<p>A Wall Mason wasp collected from a pitot probe on an Airbus 319 aircraft </p>

A Wall Mason wasp collected from a pitot probe on an Airbus 319 aircraft

Insect-infested aircraft at Heathrow forced to abandon take-offs

Grounded planes presented insects with an ‘attractive opportunity’ for nest-building

Joanna Whitehead
Monday 31 January 2022 10:46
Comments

Insect infestations on eight aircraft forced two take-offs at Heathrow to be abandoned last summer, according to a new government report.

Wasp and bee nests prevented the operation of speed-measuring pitot probes on six British Airways and one Virgin Atlantic aircraft, an Air Accidents Investigation Branch (AAIB) release revealed.

A wasp was also discovered inside a probe on another BA aircraft during the same three-week period.

Crew onboard two BA flights were forced to abort take-offs while speeding down runways because blockages caused inaccurate speed readings on cockpit displays, which can pose a “serious hazard”, according to investigators.

Grounded aircraft presented an “attractive opportunity” for insects as pitot probes - a tube that measures the speed and pressure of air, liquid or gas - are an “ideal construction site for nests”, the AAIB report stated.

Fewer flights operating during this period resulted in this temporary insect “surge”.

The report warns that probe blockages “could be significant” in future due to a “larger number of insects emerging in the spring of 2022”.

“Insects blocking aircraft pitot/static systems is not a new hazard, but one likely exacerbated at Heathrow in 2021 due to the unusually low operational tempo resulting from the Covid-19 pandemic,” the AAIB said.

“Reduced traffic levels and human activity resulted in a surge of insect activity during the pandemic lockdowns. With less aircraft activity, including less noise and jet efflux to deter the insects, the parked aircraft made an attractive opportunity, with the pitot probes providing an ideal construction site for nests.”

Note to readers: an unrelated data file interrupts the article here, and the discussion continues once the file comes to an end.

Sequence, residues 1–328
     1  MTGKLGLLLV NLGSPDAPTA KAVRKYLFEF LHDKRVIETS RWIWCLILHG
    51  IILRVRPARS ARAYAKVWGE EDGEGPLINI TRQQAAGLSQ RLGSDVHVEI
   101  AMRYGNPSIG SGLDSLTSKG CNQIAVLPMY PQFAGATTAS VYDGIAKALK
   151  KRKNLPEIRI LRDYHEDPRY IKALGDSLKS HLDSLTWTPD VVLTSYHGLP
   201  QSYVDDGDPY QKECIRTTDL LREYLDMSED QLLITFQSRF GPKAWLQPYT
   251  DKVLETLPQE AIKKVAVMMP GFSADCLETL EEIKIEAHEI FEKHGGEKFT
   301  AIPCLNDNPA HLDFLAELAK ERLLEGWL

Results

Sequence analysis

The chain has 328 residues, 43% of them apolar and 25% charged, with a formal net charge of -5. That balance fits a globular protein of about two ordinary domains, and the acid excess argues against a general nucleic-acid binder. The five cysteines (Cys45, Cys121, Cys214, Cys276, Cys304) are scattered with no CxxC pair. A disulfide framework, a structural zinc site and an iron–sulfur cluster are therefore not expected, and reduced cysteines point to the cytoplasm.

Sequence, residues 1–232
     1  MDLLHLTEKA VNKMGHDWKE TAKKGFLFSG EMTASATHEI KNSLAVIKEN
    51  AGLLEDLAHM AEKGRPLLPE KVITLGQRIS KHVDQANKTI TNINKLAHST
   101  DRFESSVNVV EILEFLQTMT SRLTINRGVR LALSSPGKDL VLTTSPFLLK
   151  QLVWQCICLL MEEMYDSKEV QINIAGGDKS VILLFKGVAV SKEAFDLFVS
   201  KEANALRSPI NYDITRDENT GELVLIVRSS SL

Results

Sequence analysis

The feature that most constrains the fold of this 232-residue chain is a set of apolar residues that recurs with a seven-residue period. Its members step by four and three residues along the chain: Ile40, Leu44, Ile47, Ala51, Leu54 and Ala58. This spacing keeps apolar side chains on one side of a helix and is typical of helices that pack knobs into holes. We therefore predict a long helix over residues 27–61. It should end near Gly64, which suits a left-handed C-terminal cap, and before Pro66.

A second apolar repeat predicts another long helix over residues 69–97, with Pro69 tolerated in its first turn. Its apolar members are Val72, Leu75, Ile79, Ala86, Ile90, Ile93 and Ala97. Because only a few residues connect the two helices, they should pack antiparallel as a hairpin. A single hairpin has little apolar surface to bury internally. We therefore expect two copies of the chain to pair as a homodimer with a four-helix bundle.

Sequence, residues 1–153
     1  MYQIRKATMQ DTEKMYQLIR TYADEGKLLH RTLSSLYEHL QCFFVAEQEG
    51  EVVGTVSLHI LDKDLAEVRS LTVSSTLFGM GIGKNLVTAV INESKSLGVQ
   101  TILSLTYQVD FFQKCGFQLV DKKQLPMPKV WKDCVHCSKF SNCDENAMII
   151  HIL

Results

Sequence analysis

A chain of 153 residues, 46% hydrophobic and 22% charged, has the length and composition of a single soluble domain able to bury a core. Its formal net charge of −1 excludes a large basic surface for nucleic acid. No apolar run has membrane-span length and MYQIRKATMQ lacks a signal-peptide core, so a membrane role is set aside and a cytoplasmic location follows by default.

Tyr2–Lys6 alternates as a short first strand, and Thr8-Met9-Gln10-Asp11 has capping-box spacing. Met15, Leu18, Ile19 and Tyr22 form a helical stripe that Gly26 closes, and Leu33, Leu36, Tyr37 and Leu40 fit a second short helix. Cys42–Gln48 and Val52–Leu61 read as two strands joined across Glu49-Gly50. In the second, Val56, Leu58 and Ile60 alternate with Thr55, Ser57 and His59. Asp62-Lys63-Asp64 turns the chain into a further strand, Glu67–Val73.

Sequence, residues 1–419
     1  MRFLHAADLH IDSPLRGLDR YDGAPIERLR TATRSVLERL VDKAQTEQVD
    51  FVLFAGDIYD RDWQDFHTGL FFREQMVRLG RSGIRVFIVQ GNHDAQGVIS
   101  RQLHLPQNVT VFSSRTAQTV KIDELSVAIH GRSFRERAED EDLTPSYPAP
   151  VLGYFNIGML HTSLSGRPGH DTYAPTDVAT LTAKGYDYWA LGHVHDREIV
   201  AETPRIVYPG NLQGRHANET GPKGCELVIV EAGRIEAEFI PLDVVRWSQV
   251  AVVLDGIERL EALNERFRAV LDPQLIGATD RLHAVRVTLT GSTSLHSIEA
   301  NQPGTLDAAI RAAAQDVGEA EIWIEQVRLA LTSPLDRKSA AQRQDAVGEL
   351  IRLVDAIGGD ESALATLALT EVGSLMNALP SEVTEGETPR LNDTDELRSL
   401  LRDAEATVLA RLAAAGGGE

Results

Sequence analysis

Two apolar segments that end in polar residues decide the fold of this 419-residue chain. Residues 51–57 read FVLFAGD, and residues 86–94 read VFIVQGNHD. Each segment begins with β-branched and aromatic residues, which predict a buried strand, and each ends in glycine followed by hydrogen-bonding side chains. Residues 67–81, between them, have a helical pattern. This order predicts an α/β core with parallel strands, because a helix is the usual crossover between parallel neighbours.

Looking ahead, “proactive habitat management and aircraft monitoring will be required to mitigate the risk”, the report concluded.

The CAA, Heathrow and affected airlines have taken “safety action” to reduce the risk of recurrence by implementing additional inspections, aviation alerts and changes to the use of pitot covers.

A BA spokesperson said: “Safety is our highest priority and in each case the flights returned safely to stand.

“Our highly skilled pilots are trained to safely perform this type of standard procedure and practise them regularly.”

It’s not just mere civilians whose airborne hopes have been sabotaged by flying critters, however.

In June 2021, President Biden's first foreign trip as president on Air Force One was brought to a dramatic halt after a horde of Brood Z cicadas grounded the aircraft for five hours.

“The White House press charter, flying from Dulles to Europe ahead of President Biden, has been delayed for hours – due to mechanical issues caused by cicadas,” Associated Press reporter Jonathan Lemire tweeted.

Register for free to continue reading

Registration is a free and easy way to support our truly independent journalism

By registering, you will also enjoy limited access to Premium articles, exclusive newsletters, commenting, and virtual events with our leading journalists

Already have an account? sign in

By clicking ‘Register’ you confirm that your data has been entered correctly and you have read and agree to our Terms of use, Cookie policy and Privacy notice.

This site is protected by reCAPTCHA and the Google Privacy policy and Terms of service apply.

Join our new commenting forum

Join thought-provoking conversations, follow other Independent readers and see their replies

Comments

Thank you for registering

Please refresh the page or navigate to another page on the site to be automatically logged inPlease refresh your browser to be logged in